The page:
If you are linking to established bloggers you shouldn’t have too much of a broken link problem. Broken links were how I found out a site of mine had been hacked, so checking for them, and checking often is a good thing.

      Reply
  7. Hi Sarah,

    I always love to visit here, I am always getting new idea’s from you Love this one effective links in my post. Thanks for sharing.. Chery :)

    Reply
    • hanks Chery, I can see it working really well for your site.

      Reply
  8. Hi Sarah,
    great tutorial and clear instructions.

    You have given awesome suggestions for planning and how to put it all together and given reasons for why.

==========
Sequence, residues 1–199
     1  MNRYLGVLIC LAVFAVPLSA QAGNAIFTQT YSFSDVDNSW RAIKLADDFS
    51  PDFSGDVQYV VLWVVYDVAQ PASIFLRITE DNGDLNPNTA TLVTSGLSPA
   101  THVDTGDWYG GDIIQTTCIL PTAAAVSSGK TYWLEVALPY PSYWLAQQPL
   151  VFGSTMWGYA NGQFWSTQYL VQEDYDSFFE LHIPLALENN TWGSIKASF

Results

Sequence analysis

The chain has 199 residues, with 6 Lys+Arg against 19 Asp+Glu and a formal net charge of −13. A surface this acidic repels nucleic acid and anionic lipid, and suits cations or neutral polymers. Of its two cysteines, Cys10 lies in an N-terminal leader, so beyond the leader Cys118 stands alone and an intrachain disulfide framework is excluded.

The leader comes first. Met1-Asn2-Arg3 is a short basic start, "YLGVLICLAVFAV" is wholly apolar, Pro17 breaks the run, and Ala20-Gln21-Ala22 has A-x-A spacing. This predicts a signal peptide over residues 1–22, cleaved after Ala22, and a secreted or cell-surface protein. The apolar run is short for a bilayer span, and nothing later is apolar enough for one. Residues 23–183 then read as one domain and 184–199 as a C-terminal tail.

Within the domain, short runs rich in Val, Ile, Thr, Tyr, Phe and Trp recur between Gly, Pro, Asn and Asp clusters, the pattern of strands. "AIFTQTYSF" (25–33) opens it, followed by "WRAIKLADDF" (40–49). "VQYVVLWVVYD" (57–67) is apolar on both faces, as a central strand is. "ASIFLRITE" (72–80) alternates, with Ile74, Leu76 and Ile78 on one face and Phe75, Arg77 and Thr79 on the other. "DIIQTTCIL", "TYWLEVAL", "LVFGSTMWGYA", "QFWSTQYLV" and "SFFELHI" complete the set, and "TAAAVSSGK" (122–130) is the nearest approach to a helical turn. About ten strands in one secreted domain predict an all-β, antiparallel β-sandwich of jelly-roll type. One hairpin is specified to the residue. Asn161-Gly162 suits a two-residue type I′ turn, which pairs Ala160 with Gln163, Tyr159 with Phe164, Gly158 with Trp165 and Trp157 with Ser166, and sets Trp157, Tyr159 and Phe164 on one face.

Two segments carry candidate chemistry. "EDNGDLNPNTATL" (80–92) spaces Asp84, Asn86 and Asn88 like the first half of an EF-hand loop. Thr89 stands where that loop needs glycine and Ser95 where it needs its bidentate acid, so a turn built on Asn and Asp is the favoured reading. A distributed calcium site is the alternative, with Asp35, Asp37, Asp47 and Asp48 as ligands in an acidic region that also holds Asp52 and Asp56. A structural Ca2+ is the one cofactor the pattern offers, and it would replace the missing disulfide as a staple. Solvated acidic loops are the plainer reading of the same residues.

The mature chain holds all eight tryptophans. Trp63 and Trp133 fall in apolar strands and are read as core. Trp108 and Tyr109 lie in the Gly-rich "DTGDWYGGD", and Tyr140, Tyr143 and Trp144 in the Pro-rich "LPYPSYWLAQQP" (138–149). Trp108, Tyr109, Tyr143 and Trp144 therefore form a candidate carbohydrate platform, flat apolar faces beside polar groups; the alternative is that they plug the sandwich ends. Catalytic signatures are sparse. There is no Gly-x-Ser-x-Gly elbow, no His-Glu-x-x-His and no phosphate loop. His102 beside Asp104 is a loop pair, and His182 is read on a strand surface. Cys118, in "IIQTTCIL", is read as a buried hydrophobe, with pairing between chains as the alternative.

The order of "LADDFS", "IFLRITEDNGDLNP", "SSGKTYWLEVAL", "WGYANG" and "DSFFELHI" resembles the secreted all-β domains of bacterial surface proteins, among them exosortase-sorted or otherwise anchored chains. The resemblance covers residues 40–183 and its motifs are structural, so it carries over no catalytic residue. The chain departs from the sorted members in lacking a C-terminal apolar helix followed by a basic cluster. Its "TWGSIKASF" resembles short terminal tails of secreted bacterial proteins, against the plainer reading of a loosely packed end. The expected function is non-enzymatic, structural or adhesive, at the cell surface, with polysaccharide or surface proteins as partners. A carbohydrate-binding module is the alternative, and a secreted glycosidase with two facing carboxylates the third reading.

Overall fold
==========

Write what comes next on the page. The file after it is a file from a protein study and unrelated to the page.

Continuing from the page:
I like Kimberly’s speed links.
    It is always good to have an overview about what the post is about rather than just the link title.
    I will bookmark this to read again, and of course share it so others can benefit from your post!
    Cheers,
    Yorinda

    Reply
  9. Great post – and I am slowly getting better with curated posts so this is a good kick in the right direction…! Thanks Sarah!

    Reply
    • Yes I remember reading your “What’s hot and what’s not” and thinking what a great angle to come at it from and letting the reader decide. I hope to see more of them

      Reply
  10. Sarah,
    visiting your site is always a happy learning experience for me… thanks so much for sharing such great and useful information for all of us to do better.

    The idea to email people and let them know you’ have used their link in your post is a great and wonderful idea that I will use for certain. That sure start a great conversation to create genuine connections and future partnerships, wow, that is great.